Iconic planes of World War II to visit Ramona

The B-17 is just one of three iconic World War II planes to visit Ramona during the Wings of Freedom Tour in May. Courtesy photo.
The B-17 is just one of three iconic World War II planes to visit Ramona during the Wings of Freedom Tour in May. Courtesy photo.

By Tony Cagala

Three of the most iconic planes of World War II will be on display at Ramona Airport when the Wings of Freedom Tour makes its return to the area.

The B-17 Flying Fortress, the North American P-51 Mustang and the B-24 Liberator will be at the airport for three days beginning May 4. Walk-through tours and a once-in-a-lifetime opportunity to take flight in one of the rare treasures will be available for a tax-deductible fee.

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The P-51 Mustang will fly into the Ramona airport as part of the Wings of Freedom Tour starting May 4. Courtesy photo.

This unique display of aviation history last flew into Ramona in 2008. The planes travel the nation, serving as a flying tribute to the men who flew in them, the soldiers and sailors protected by them, and the citizens and families that share in the freedom they helped preserve. They are owned by the Collings Foundation, a nonprofit organization based in Stow, Mass.

“This is living history,” said Alan Cutsinger, a volunteer crewman since 2008. “Our World War II veterans are dying at a rate of 1,000 a day. And they’re still around. You can meet them, talk to them. You can walk through these planes; you can get some idea of what World War II was like, what these guys did.”

To fly in the B-17 is pretty incredible, said Cutsinger. “It’s just an awesome experience. You’re sitting in the plane and they start the engines up and the whole thing just vibrates, and you can just feel the power...I get goosebumps on my arm every time I’m up in this plane.”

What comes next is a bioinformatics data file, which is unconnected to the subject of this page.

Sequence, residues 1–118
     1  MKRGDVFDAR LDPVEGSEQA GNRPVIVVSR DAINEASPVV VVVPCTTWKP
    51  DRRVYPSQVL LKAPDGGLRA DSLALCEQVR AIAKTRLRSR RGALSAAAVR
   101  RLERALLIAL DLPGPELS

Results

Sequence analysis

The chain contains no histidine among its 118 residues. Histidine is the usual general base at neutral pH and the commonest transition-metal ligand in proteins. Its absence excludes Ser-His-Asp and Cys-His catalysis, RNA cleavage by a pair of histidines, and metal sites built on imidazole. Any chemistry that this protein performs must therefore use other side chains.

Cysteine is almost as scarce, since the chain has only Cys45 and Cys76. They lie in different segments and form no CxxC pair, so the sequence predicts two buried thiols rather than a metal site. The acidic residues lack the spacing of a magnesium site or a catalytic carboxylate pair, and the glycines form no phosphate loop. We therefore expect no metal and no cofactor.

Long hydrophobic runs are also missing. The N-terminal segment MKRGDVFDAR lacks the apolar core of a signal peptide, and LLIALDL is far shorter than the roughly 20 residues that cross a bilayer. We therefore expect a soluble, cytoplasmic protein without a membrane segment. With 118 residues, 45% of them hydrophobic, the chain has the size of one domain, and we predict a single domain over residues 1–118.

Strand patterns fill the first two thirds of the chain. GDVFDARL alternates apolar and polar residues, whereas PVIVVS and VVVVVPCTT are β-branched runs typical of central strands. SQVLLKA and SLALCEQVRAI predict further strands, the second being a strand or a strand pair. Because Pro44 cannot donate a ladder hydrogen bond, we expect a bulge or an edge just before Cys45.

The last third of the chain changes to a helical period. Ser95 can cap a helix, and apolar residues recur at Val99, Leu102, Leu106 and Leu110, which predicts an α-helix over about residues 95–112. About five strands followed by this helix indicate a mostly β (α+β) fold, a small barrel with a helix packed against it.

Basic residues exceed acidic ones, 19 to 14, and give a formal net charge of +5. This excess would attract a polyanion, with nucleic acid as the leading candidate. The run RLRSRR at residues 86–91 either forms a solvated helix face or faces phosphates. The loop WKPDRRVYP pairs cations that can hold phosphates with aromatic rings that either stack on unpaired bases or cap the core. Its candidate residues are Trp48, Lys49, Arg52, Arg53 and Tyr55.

All of the planes have stories, just as each of the men who flew in them does, and all are modeled after real-life planes that flew in the war. The B-17 is modeled after the “Nine-O-Nine,” which flew 140 missions over Berlin and Tokyo without ever losing a crewman. The B-24, nick-named “Witchcraft,” was based in England in 1944 and never lost a crewman on any of its missions, either.

The P-51 is named “Betty Jane” in honor of Col. Charles M. McCorkle, a pilot who flew in a P-51 Mustang named Betty Jane. McCorkle had 11 confirmed air combat victories in the Mediterranean Theater.

“Look and listen and walk through the planes and you’ll learn something,” Cutsinger said, adding, “you’ll learn something very valuable.”

Chuck Hall, a retired airline captain and owner of Chuck Hall Aviation based at the airport, will fly his own P-51 Mustang and have it on the tarmac for display, too.

“I’ve been in the flying business for 60 years, and I have to admit that the P-51 is probably one of the most exciting airplanes I’ve ever flown,” Hall said. “It’s a piece of history; it’s the most popular fighter that came out of World War II.”

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The B-24 is part of the Wings of Freedom Tour coming to the Ramona airport. Courtesy photo.

Admission to the Wings of Freedom tour is $12 for adults and $6 for children 12 years and younger. World War II veterans will be admitted free.

Tickets for the 30-minute flights in either the B-17 or B-24 are $425 per person, and $2,200 to fly in the P-51 Mustang—or $3,200 for a full hour.

More information is available at, www.cfdn.org. Discounts for groups may be arranged by calling 1-800-568-8924.

Ramona Airport is at 2926 Montecito Road.

   
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